Senate Dem presses Treasury, IRS over demand for Trump tax returns

Senate Dem presses Treasury, IRS over demand for Trump tax returns
© Stefani Reynolds

Sen. Ron WydenRonald (Ron) Lee WydenWhat were we thinking in 1996 when we approved Section 230? On The Money: Dow falls more than 900 points amid fears of new COVID-19 restrictions | Democrats press Trump Org. about president's Chinese bank account | Boeing plans thousands of additional job cuts Democrats press Trump Organization about president's Chinese bank account MORE (D-Ore.), the ranking member of the Senate Finance Committee, is pressing the Trump administration over its handling of a request from House Democrats for President TrumpDonald John TrumpStephen Miller: Trump to further crackdown on illegal immigration if he wins US records 97,000 new COVID-19 cases, shattering daily record Biden leads Trump by 8 points nationally: poll MORE's tax returns.

Wyden sent letters to Treasury Secretary Steven MnuchinSteven Terner MnuchinDemocrats call Trump's COVID-19 response 'among the worst failures of leadership in American history' The Hill's Morning Report - Presented by Facebook - Trump, Biden set for weekend swing state sprint Mnuchin says he learned of Pelosi's letter to him about stimulus talks 'in the press' MORE and IRS Commissioner Charles Rettig on Tuesday after Mnuchin recently denied a request from the Democratic-led House Ways and Means Committee for Trump's tax information.

The Democratic senator said in a statement that he sent the letters in order to investigate whether there was any political interference involved in the administration's decision to reject the request.


“The law is crystal clear. Congress has the authority to request President Trump’s tax returns, and the administration has refused to follow the law," Wyden said. "Congress needs to know whether, and to what extent, political interference played a role in an administration failing to comply with a lawful request for taxpayer information under section 6103.”

House Ways and Means Committee Chairman Richard NealRichard Edmund NealLawmakers offer bipartisan bill to encourage retirement savings Democrats express concerns about IRS readiness for next year's filing season On The Money: Kudlow confident that Trump can 'round up' Senate GOP behind coronavirus relief deal | US deficit spikes to record .1T MORE (D-Mass.) on April 3 requested six years of Trump's personal and business tax returns from the IRS. He made the request under section 6103(f) of the tax code, which states that the Treasury secretary "shall furnish" tax returns requested by the chairmen of Congress's tax committees, so long as they are examined in a closed session.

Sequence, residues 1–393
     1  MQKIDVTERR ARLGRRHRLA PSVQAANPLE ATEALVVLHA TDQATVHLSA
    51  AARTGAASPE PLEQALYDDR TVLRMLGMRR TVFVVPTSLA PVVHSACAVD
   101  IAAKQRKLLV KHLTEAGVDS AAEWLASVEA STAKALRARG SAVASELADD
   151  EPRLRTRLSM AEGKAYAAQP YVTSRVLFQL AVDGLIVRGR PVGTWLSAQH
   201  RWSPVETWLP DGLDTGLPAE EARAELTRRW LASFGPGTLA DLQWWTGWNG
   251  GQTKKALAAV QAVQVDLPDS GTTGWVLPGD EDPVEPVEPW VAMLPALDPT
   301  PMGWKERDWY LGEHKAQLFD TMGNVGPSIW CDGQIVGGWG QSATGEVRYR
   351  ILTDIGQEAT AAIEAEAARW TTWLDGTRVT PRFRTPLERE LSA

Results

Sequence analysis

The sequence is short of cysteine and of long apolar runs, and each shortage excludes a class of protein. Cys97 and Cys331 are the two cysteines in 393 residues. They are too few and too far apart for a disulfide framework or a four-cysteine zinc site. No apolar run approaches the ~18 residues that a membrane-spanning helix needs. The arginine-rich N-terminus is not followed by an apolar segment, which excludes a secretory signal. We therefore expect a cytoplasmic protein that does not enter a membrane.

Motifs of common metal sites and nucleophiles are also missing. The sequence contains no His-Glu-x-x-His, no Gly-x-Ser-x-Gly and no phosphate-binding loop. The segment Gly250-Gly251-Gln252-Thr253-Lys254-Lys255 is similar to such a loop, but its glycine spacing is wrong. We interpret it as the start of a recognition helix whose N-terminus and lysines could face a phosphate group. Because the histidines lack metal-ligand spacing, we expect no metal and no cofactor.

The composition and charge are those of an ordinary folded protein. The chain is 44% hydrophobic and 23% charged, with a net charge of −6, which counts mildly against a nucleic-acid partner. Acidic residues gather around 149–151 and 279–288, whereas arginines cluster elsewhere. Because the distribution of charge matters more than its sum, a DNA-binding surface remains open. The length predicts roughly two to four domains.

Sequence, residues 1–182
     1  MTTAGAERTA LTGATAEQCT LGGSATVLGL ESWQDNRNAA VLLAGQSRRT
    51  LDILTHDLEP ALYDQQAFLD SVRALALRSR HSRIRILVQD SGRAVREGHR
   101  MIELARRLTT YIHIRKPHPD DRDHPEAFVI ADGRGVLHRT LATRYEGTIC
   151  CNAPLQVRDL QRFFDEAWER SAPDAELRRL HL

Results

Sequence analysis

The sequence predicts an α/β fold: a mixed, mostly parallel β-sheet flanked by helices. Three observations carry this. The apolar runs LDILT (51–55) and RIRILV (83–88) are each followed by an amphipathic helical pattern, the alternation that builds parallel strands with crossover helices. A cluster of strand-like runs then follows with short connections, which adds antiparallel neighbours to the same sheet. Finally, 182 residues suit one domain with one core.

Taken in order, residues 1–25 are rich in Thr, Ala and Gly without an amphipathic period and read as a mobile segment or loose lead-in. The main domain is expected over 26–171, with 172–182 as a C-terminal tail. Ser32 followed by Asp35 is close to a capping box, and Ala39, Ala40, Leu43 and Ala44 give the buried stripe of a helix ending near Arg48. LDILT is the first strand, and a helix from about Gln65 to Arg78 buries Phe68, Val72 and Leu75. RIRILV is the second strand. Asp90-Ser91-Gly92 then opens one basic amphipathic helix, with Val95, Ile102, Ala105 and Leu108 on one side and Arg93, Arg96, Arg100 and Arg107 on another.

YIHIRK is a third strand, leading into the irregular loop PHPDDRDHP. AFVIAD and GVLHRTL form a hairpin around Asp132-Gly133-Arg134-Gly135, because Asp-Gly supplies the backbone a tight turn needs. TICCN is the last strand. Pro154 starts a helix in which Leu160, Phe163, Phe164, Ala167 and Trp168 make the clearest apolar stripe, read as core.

Mnuchin rejected the request on May 6, arguing that it lacked a legitimate legislative purpose. Neal then sent Mnuchin and Rettig subpoenas for Trump's tax returns, directing the administration officials to produce the documents by Friday at 5 p.m.

Wyden on Tuesday expressed concerns about some of Mnuchin's actions, such as supervising the administration's response to the request even though Treasury has delegated tax administration matters to the IRS.

"I am concerned that you are failing to apply the law consistently with the statutory text and legislative practice," Wyden wrote to the Treasury secretary.

Wyden also expressed concerns that Mnuchin's response to House Democrats who had requested Trump's tax returns will hurt the ability of lawmakers to receive tax return information in the future for investigations.

"By calling compliance with Chairman Neal's request unlawful, you imply that Treasury has the burden of determining the legislative purpose behind every congressional request under section 6103(f)," Wyden said.

Wyden asked Mnuchin to provide him with copies of Treasury and IRS communications relating to Neal's request, including any communications Treasury and the IRS transmiSenate Appropriations Subcommitteeon Financial Services and General Governmenttted to or received from the White House.

In a separate letter, Wyden asked Rettig about an exchange during a House Appropriations subcommittee hearing on April 9. During the exchange, Rep. Mike QuigleyMichael (Mike) Bruce QuigleyWomack to replace Graves on Financial Services subcommittee Preventing next pandemic requires new bill's global solutions Democrats introduce legislation to revise FDA requirements for LGBT blood donors MORE (D-Ill.) asked Rettig if IRS legal experts had told him whether he has discretion to comply with the request, and Rettig replied that he hadn't asked.

Wyden pressed the IRS chief about any communications that he had with IRS legal staff about congressional tax return requests prior to the hearing.

Mnuchin and Rettig are both scheduled to testify at a Senate Appropriations subcommittee hearing on Wednesday.